Travels from: Washington, DC
Zainab Al-Suwaij is the co-founder of the American Islamic Congress. A native of Iraq, her grandfather is the leading cleric in Basra and she is a descendant of the Prophet Muhammad. She participated in the failed internal uprising against Saddam Hussein in 1991 and then fled to the United States. After the September 11 attacks, Al-Suwaij left her job as a refugee resettlement advisor to co-found a progressive Muslim organization dedicated to promoting interfaith tolerance and individual rights, at home and throughout the Muslim world.
She has published editorials in The New York Times, Wall Street Journal, USA Today, and the Los Angeles Times. She appears regularly on CNN, Fox, and Aljazeera, and has been interviewed by Katie Couric, Barbara Walters, and Harry Smith. She has testified to Congress, met with the President, and organized State Department briefings.
As a Muslim-American woman of traditional background yet progressive orientation, she serves as a bridge across cultures, religious divides, and political differences. She has also spent several years on the ground in southern Iraq leading a women's civil society empowerment initiative; led conferences for young activists in Morocco, Jordan, and Egypt; and participated in interfaith workshops on Muslim integration in Europe.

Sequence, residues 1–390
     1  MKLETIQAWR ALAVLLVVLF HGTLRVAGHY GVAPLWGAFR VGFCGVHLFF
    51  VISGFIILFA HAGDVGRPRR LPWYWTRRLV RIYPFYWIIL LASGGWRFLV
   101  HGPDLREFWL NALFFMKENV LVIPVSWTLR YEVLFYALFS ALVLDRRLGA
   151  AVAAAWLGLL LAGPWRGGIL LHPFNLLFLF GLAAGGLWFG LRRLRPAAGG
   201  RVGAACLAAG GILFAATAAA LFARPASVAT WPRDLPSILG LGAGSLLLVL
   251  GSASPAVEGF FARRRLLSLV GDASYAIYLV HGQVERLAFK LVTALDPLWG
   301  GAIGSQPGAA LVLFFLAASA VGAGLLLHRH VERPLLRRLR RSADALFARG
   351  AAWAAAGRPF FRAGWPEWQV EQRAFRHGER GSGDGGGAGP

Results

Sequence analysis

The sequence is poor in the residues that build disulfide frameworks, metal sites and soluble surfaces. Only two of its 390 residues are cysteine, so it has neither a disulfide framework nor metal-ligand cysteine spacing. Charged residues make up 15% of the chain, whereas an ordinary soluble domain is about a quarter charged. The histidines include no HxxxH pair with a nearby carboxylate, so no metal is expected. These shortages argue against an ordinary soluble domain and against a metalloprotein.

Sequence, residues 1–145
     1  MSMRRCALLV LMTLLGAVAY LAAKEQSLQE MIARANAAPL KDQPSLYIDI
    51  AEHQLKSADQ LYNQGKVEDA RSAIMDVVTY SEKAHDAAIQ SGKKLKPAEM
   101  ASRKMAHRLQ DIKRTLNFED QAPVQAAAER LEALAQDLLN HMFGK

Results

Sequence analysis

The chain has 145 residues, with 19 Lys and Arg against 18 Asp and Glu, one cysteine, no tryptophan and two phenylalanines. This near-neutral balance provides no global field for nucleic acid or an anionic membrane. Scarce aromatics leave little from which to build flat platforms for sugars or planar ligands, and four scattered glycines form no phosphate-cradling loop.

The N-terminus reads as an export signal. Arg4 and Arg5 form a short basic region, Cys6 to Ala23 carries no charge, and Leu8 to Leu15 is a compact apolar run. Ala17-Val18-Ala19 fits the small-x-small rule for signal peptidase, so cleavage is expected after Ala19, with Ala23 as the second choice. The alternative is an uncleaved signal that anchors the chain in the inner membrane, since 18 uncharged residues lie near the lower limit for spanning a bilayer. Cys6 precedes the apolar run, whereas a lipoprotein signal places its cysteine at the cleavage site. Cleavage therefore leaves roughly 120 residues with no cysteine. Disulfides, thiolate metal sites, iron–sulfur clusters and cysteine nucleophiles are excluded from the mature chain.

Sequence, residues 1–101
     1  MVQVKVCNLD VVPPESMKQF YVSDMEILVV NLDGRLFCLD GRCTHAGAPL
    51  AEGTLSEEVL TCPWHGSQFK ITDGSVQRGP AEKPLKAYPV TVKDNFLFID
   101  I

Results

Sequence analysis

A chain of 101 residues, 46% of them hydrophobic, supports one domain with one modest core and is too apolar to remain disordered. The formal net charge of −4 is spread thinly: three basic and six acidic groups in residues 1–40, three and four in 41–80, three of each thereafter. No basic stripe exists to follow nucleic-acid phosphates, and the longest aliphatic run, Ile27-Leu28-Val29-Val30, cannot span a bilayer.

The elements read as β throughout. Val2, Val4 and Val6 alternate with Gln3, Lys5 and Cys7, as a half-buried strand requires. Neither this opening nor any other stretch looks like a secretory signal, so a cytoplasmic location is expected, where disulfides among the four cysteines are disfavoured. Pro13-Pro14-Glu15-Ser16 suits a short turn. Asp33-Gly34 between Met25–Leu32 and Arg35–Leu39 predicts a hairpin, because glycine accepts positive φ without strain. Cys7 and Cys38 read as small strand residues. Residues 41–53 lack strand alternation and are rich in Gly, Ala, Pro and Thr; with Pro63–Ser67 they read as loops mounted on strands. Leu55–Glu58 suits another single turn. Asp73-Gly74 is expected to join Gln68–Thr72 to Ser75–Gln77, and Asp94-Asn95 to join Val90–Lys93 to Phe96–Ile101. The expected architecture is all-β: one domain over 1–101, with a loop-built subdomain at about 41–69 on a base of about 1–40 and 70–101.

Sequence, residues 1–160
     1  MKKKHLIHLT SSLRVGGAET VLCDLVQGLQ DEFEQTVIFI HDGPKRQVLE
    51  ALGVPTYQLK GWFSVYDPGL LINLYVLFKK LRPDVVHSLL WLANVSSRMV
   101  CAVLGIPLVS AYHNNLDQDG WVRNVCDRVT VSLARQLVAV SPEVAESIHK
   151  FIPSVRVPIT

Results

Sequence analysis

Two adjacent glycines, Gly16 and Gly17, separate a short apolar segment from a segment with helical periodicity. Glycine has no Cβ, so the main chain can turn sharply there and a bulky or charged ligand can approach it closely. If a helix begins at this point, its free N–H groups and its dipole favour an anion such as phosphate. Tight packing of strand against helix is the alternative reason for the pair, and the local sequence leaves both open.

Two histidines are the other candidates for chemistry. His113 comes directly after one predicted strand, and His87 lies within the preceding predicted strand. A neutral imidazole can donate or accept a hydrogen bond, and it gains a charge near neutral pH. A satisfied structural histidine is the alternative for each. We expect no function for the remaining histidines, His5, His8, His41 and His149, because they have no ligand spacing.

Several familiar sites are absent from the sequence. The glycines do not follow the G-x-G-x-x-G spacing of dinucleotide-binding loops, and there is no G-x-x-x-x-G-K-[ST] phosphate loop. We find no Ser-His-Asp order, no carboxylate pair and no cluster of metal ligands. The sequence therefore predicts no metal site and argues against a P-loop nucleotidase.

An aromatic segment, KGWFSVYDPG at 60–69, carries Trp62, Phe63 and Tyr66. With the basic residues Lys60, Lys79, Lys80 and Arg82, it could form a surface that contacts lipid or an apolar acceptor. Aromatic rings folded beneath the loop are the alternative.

Having previously worked resettling Sudanese refugees in the US, Al-Suwaij is also outspoken on genocide in Sudan. In April of 2006, she spoke at a national rally for Darfur alongside George Clooney and other interfaith activists.
Al-Suwaij has spoken at mosques, churches, synagogues, and at various interfaith conferences. She has lectured at Harvard's Kennedy School, Yale Law School, and at many other universities, day schools, and civic centers. She also collaborates with the genocide education project Facing History and Ourselves.